As a child, I loved books, and characters looked and felt as you imagined them to be. Television and
movies were different. They established the world’s real rules on looks: Heroes were strong and
rugged, heroines slim and lovely. On television, little girls watched young women compete to
become beauty queens.

Few important characters in films or on television were plain, let alone what my mother would have
called homely, and they never had big parts or romantic relationships. No one my parents’ age or
older seemed to do anything interesting; they certainly never fell in love or had adventures.

I was stunned as an adult when I joined other parents at a children’s film described as a quirky fairy
tale, Shrek.  The heroine, Princess Fiona, was a willowy redhead by day and a heavyset ogre at
night. Her curse would be lifted when she shared true love’s first kiss. Nothing dramatically
remarkable until her true love proved to be the grumpy, gassy ogre named Shrek. He didn’t turn into
a handsome prince when they finally kissed. She remained an ogre, for that was, for her, “love’s
true form.”

As children, all of us dreamed of our life’s true shape. Although dreams differed, most of ours
included good health, love of family and friends, if not also a life partner and children, pets that
loved us unconditionally, and a comfortable life style. Many of us had a dream job.

I had lots of dreams and plans, and many came true. I wanted to become a doctor, and I pressed
my way through an elite college in three years to get to medical school faster.  My best friend in
college became my boyfriend and then my husband.

My life dream died quite suddenly, when a speeding car kicked a chunk of jackhammered-up paving
into my head several months after I received my medical degree.  I lost five years before I got an
accurate diagnosis of post-traumatic brain injury and epilepsy, started medication, and functioned
well enough to hold a professional position again, this time in medical publishing.

Yet, like Shrek in the sequel movie I saw tonight, “Shrek forever after,” I missed what I had lost and
didn’t appreciate what I had. In his case, he lost a life of solitude and ability to intimidate simply
by existing, but he gained a wife who adored him, three small triplets (OK, I can sympathize there),
and friends who never wanted to be far from him.

In my case, I had a husband who loved me even when I couldn’t easily love myself, the ability to
write, both to express what I had to say and to find what I had to say, the desire to make a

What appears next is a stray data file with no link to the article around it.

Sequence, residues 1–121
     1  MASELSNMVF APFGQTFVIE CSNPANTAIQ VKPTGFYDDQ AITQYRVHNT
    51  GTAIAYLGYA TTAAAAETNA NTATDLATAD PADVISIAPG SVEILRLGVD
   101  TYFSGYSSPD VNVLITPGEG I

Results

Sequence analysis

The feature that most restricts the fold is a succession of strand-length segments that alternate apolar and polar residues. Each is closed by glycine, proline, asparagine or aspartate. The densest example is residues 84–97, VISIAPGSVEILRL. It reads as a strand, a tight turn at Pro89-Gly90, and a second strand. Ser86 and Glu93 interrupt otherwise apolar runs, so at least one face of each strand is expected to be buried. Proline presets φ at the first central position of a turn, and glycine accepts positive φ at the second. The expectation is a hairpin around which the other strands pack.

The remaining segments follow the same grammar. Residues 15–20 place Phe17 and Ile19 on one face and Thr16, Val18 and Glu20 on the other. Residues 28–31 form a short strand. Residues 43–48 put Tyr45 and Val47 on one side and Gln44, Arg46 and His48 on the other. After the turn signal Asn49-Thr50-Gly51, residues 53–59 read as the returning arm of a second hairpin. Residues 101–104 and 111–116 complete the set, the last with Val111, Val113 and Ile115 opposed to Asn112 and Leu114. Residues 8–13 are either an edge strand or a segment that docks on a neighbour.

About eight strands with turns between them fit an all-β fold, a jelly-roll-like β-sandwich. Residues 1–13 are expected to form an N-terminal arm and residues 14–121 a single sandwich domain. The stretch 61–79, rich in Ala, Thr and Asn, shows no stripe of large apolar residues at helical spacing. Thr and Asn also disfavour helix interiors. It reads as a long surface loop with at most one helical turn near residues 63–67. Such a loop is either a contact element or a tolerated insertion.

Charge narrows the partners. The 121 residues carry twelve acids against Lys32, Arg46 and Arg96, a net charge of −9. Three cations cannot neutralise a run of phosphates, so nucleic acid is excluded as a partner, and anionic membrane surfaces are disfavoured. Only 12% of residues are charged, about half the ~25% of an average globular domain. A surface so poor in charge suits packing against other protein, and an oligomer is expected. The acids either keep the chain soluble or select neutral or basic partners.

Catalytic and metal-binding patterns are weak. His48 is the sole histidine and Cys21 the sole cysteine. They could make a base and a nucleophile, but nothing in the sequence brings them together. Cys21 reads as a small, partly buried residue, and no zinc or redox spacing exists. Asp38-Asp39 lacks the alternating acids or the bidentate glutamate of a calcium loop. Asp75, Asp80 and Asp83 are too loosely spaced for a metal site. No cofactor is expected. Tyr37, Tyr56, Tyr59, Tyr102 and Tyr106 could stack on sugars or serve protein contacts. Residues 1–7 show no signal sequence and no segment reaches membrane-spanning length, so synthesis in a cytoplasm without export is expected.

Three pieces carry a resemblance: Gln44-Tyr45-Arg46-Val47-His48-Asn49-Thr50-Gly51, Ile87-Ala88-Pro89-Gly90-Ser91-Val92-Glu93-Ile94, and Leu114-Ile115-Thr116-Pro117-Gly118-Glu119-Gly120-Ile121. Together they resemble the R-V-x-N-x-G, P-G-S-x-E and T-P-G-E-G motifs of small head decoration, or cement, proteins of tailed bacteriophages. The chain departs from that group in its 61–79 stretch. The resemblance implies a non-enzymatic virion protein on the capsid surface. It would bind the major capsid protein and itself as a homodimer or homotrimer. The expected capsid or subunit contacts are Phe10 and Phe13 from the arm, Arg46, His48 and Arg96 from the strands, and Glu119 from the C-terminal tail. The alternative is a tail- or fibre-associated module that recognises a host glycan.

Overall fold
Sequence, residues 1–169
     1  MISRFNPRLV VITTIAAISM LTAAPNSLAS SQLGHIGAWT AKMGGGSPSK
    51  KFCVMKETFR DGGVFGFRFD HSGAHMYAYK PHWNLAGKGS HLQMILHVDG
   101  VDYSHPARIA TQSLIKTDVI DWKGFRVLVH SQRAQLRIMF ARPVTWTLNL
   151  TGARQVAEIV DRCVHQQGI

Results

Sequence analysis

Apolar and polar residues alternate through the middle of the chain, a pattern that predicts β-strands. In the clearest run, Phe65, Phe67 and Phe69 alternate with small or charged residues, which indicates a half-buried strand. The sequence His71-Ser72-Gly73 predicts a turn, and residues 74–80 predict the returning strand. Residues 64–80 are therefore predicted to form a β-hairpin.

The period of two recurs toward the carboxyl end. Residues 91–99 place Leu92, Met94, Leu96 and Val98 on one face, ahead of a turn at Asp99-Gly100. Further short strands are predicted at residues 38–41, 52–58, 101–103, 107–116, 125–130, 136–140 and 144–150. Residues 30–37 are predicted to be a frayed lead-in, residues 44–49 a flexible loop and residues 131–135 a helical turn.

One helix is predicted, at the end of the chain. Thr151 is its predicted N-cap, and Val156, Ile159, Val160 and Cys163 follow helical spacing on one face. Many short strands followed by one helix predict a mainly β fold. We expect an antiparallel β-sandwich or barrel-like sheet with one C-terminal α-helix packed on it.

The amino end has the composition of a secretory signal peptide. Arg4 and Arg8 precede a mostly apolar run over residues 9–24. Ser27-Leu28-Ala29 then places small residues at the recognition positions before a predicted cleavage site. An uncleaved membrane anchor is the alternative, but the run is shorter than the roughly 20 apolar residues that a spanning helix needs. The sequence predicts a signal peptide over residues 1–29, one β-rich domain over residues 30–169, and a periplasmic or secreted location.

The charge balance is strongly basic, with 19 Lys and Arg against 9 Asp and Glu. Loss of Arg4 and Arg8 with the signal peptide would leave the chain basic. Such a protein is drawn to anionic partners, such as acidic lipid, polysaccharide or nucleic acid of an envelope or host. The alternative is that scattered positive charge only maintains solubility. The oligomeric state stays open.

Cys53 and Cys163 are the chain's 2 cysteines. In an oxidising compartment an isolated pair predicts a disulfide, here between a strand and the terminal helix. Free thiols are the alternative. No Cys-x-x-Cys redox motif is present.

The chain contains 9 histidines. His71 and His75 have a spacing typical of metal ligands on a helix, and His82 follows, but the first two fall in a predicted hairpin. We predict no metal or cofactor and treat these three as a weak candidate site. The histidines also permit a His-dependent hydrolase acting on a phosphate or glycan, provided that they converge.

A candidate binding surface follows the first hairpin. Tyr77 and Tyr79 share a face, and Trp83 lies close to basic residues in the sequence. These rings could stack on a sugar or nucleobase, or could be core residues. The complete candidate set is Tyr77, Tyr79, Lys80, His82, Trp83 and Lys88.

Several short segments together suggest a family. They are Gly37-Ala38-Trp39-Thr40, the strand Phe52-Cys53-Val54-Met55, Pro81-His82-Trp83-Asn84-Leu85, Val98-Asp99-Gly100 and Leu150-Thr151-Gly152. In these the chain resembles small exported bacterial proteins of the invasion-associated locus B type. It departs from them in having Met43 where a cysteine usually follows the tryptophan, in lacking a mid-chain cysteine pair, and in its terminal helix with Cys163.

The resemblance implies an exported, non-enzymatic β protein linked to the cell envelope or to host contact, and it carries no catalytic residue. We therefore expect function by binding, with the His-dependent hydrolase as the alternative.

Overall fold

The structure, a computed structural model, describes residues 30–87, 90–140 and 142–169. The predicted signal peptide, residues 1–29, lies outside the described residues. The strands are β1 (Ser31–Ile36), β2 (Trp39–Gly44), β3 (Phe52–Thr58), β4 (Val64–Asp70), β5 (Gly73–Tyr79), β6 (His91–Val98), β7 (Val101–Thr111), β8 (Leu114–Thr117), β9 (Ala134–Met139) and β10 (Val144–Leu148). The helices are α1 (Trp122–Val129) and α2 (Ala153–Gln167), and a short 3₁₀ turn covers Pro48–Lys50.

difference by helping people, and a mind sufficiently well that I could pursue new dreams.

Our only child was two when he was diagnosed with autism and the first of other medical problems.
Someone told me I shouldn’t want to trade my life for someone else’s because I didn’t know what
tragedies theirs held. I bitterly thought theirs (whoever they were) couldn’t be much worse than

How foolish. I shouldn’t trade my life for someone else’s or for what I once wanted mine to be, not
because there might be something worse, but because I might lose the wondrous things I actually

I have a 28-year marriage to my first (and last) boyfriend, who still shares mint chocolate chip ice
cream in the tub on splurge nights, who loved cats because I did and then accepted multiple dogs
when we got one to make him happy and I discovered their addictive power. He doesn’t share my
second-half life dream of purebred dogs and dog shows, but he goes when I go and holds down a
stressful home and high-demand parenthood when I take trips to dog friends.

We have a wonderful, sunny tempered son, who loves us, loves life, and wiggles his way into the
hearts of almost everyone who works with him. He does think we are made of money, but
fortunately he is happy at discount stores and second-hand shops as long as he gets to give the
money to the cashier.

Over the years, I have learned to help people get better health care and find a way to live life that
includes but is not defined by illness, whether in themselves or in children or other loved ones.
This powerful gift, the ability to serve, did not develop despite my sum of life experiences, but
because of them.

Don’t spend too much time on wishes to trade your life for someone else’s. Every life has darkness.
The lesson of Shrek is that you have to have seen darkness to appreciate light. It is in how we
balance the dark and the light, disappointment and joy, that helps us find our life’s true form.